Breaking Bread with the Judges at AIPLA


The annual meeting of the American Intellectual Property Law Association (AIPLA) was held last week in Washington, DC at the Marriott Wardman Park Hotel.  As always, the event was extremely well attended, including a strong and ever increasing presence of attorneys from foreign firms.

There were many events and festivities associated with the annual meeting, and it would be impossible to give a complete rundown and report on the entirety of the seminal AIPLA event of the year.  For those who have attended, you know it is impossible to even attend the entire event, with so many concurrent panel discussions, receptions, private events and time devoted to catching up with old friends, making new friends and meeting with business partners.  Nevertheless, allow me to run down three of the larger events.

Lunch with Chief Judge Smith of the PTAB

Lunch on day 1 featured a speech by Judge James Smith, Chief Judge of the Patent Trial and Appeals Board.  Judge Smith, who is an impressive man held in extremely high regard both inside the USPTO and in the practitioner community, gave the audience of at least several thousand an address about the state of the Board.  Judge Smith explained, in part:

  • Currently there are Judges housed in two different locations — Alexandria, VA and Detroit, MI.  In the not-too-distant future, there will be Judges stationed in five cities, adding Judges to the Silicon Valley, Denver CO and Dallas TX offices. Each Patent Office location will have at least 12 Judges in place by the end of fiscal 2013.
  • “We envision we will be able to make the wait for ex parte appeals in the reexam area diminish” while still taking up new responsibilities under the AIA.
  • So far there have been 38 inter partes reviews initiated and 13 covered business method patent reviews initiated.  ”We intend to make any adjustments necessary” to ensure that these new cases can be handled quickly and appropriately as demanded by the new legislation.
  • Cases are being assigned to PTAB Judges based on expertise of the Judges, while still allowing for the expertise of the Judges to expand.

Lunch with Judge Dyk of the CAFC

On the menu for lunch on day 2 was a speech by Judge Dyk of the United States Court of Appeals for the Federal Circuit, filling in for Judge O’Malley who was unavailable at the last minute attending to personal matters.  In his speech, Judge Dyk discussed the importance of judicial clarity, which he described as critical because “legal issues underpin patent doctrine across the board.”  He explained:

  • The academy celebrates the lack of clarity at times.  “One article suggests the Federal Circuit should take a more holistic view of patent law – whatever that means.”
  • “Congress has recognized the lack of clarity in patent law has been a problem going back a long way.”  This is, of course, what ultimately lead Congress to create the Federal Circuit.  “While Congress’ goals have been achieved to some extent, in my view there is still a long way to go.”
  • “Providing better guidance… while important, isn’t the primary reason for clarity.”  The law needs to provide clarity “so businesses and the entrepreneurial community can execute their business plans.”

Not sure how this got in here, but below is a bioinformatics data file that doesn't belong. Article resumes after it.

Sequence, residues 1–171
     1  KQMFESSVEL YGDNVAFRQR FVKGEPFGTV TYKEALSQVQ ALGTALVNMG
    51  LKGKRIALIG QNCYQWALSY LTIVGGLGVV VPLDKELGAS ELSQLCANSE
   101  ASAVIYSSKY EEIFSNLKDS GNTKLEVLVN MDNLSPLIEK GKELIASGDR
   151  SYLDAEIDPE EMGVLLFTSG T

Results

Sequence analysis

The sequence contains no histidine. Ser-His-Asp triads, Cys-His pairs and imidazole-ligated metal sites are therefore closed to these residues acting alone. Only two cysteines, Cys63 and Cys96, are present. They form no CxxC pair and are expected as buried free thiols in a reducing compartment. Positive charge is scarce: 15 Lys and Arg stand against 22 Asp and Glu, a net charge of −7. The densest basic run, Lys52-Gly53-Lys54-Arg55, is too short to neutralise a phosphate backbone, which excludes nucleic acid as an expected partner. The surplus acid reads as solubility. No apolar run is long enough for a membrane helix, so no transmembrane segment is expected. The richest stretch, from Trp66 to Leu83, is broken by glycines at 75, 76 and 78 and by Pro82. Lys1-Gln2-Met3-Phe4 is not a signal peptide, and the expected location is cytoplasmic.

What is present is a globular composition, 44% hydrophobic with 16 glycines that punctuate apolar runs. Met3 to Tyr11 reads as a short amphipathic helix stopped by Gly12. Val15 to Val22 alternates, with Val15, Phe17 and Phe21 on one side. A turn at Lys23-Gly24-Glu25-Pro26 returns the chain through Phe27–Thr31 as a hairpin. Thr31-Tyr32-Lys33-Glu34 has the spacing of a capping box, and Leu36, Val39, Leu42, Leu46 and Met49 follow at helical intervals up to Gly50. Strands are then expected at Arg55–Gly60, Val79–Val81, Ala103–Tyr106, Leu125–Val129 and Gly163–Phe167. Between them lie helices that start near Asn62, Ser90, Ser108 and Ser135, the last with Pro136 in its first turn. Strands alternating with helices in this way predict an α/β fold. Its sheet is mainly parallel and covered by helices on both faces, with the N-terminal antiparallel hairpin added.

• After the AIA, Judge Dyk explained that he does not think we can look to Congress to solve the lack of clarity problem, saying that he does not think new patent legislation is likely.  Thus, we will need to rely on the USPTO, Federal Circuit and the Supreme Court.
  • “As you know, the Supreme Court has shown a significant interest in patent cases… The lesson is that the Supreme Court is going to continue to hear our cases and we can expect to hear from them frequently.”
  • The largest laugh line came when Judge Dyk said: “The Supreme Court is not known to interject clarity in its opinions.”  Laughter abounded.  He then went on to say that while there have been some cases where the Supreme Court has not been clear, there have been many others where they have added clarity to the patent law.  “I do not think the Supreme Court has an aversion to clarity,” but acknowledged they don’t seem to always achieve that goal.
  • “The Supreme Court… has served our nation well for several hundred years.  The bar should not think the Supreme Court has nothing to contribute to patent law,” but rather “should be grateful that the Supreme Court takes a continuing and intense interest in that work.”

Judge Newman Receives AIPLA Excellence Award

On Friday, October 26, 2012, at the Gala dinner, Judge Pauline Newman of the United States Court of Appeals for the Federal Circuit received the 2012 AIPLA Excellence Award.

After a video montage praising Judge Newman, her career, what she has meant to the field of patent law and what she has meant personally to those who she has touched, it was Judge Newman’s turn to speak.  She spoke briefly, and not about herself. Judge Newman was easily the most accomplished person in the banquet hall on this particularly evening, and the one who we all came to honor, yet she used her remarks to speak of how we are all on the same team, and how we need to stay strong and keep up the fight for what we know is right.  She said:

We are all here with the same purpose, the same concept, the same motivations and the same understand of the critical importance to the nation of all the things we are doing.  What you are doing and what this Association is up to and to the extent that the judiciary is involved, to do our best. We are all in this together and I encourage us to stand firm and do everything we can.  The future of the nation depends on us and our devotion to truth, and getting it right and justice.

Judge Newman is truly a treasure and deserving of this award.



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